In similar fashion, both Classical and Western Feng Shui are reflections of the heritage, culture and mentality of different times and places. Both share common traits, ideas and goals (such as the importance of balance and the creative and destructive cycles of the elements). Admittedly, Feng Shui is more specifically endemic to China. However, it has undergone development over thousands of years, as any school of thought would do. It has now achieved a universality that can be applied, with some cultural translation, all over the world. Traditional Feng Shui and the developments of the Compass school are meaningful and applicable to anyone, but in many cases, residents and their places of work and living in the Western world work well with "Western" Feng Shui- that is, we can participate in it with a more immediate conscious and subconscious sense of meaning.

As I mentioned, everyone has a unique and culturally relative perspective, and as such these different schools of Astrology and Feng Shui will resonate differently from person to person, while continuing to share these common traits and goals. I've read articles and correspondence about these issues, Feng Shui in particular, that have such vitriol, such dogmatic certainty. In the problems that face our modern society, dialogue like this is the last thing anybody needs. We should be aware of how our culture and outlook affects our different approaches to Astrology and Feng Shui.

The issue of precession in the Sidereal vs. Tropical is nothing new in Astrology. However, Indian Astrology places greater emphasis on prediction and houses then on the significance of the signs of the Zodiac. Western Astrology, on the other hand, comes from a long heritage of psychoanalysis and self-exploration, and in astrological counsel the Tropical zodiac is accurate and indispensable. Two different schools of thought, tailored, in a way, for different cultural perspectives.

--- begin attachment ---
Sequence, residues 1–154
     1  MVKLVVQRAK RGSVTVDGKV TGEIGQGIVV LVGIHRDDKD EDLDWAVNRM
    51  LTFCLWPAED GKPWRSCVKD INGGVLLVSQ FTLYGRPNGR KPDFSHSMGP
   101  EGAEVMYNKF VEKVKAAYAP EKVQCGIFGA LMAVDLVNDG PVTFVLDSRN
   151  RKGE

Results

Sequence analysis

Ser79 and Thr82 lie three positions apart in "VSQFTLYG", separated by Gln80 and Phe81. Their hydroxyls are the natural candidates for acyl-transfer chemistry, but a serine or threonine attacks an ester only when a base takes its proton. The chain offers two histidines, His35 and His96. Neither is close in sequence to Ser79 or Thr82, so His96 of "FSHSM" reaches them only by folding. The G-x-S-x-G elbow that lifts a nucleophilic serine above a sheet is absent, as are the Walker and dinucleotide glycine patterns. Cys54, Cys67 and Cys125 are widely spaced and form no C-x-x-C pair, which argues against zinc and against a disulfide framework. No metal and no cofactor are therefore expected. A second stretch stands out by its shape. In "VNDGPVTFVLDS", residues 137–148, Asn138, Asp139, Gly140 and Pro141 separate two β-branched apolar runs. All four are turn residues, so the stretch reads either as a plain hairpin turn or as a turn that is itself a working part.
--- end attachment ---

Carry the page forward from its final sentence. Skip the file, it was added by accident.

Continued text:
In Feng Shui, consider the cultural differences in our homes. Feng Shui developed thousands of years ago in part to help locate the best place to actually build one's home, which direction it should face, and (in the case of Flying Star Feng Shui in particular) incorporating when the house was built and the placement of occupants within the home. This compass-based orientation is quite common in Asian countries, and speaks to a common cultural concern. In the "Western" countries and cities (of Europe or North America), we seldom have concern for the exact time that our building was constructed. Especially with the burst of the housing market bubble, few people have the luxury of choosing what direction their home should face. The western version of the bagua in Feng Shui is based on the location of the front door, providing easier orientation. The cyclical, elemental importance of the bagua remains intact, but reflects our modern limitations in building choices and information, as well as the importance that we place on our careers (for both men and women), and the individuality that is highly prized by young and old (since each individual room or office can be oriented based on this western bagua). These different schools share many important traits beyond differences such as bagua orientation, and simply reflect different cultural perspectives and realities.